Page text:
Debenhams parent appoints Stephen Sunnucks
Debenhams parent company Celine Jersey Topco has appointed Stephen Sunnucks, a former president of Gap and CEO of New Look, as non-executive director.
Sunnucks has held senior positions at a number of household name retailers and is currently a senior adviser to Alix Partners, the global business advisory firm.
He served in number of senior roles at Gap and was global president of the US fashion giant from 2012-2014. Prior to that he had been CEO at New Look and has held non-executive roles at Phase Eight, Superdry and Helly Hansen.
Sunnucks started his career at Marks & Spencer, followed by periods at Sainsbury's and Burton Group, where he was managing director of Dorothy Perkins.
Mark Gifford, Chairman of Celine Jersey Topco Limited, said: "Stephen’s reputation in the retail industry is second to none. He has been involved in various turnaround and restructuring situations both in the public and private sphere and has strong apparel credentials.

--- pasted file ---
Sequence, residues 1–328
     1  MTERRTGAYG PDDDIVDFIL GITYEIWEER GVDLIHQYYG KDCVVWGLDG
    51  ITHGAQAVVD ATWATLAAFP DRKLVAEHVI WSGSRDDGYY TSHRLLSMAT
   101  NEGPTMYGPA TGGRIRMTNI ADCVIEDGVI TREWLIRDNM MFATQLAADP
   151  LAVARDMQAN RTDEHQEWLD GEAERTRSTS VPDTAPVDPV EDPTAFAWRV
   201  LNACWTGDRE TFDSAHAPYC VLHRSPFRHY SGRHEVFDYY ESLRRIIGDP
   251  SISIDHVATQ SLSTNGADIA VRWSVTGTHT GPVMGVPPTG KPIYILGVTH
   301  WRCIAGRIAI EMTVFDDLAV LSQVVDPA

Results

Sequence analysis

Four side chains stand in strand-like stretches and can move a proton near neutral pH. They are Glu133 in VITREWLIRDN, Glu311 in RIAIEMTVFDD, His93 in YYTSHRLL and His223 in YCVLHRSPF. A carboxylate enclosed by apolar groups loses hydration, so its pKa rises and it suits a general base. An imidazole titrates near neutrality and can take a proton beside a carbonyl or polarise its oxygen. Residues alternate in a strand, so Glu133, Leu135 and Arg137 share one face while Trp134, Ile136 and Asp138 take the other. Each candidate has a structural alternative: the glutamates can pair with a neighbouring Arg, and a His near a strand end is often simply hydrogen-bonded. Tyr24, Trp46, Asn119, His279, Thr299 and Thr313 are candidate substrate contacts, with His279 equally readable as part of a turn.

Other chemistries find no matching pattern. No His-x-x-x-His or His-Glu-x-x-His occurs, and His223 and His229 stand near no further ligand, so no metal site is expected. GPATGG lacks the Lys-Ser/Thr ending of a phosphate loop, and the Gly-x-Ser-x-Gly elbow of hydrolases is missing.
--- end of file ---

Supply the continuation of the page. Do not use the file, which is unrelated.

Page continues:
"His appointment completes our board, which blends breadth of experience and skills with strategic insight and understanding. Stefaan [Vansteenkiste, Debenhams CEO] and I are delighted that the operational team will have access to the support of such a group, as he and his colleagues work to deliver the Debenhams turnaround. With continued access to substantial funding from our investor group, Debenhams is well set to navigate the next phase of its recovery."
Sunnucks' appointment follows that of Dr Beatrice Lafon who was also appointed as non-executive director at Celine Jersey Topco earlier this month. Dr Lafon had most recently been interim CEO of French fashion retailer Pimkie. At Debenhams, Abigail Comber was appointed CMO at the start of the month, having previously been with British Airways.
Celine Jersey Topco is a consortium of investors in Debenhams, which acquired the department store out of administration last year. it began its restructure in earnest this month, closing 19 stores, with more closures planned for 2021.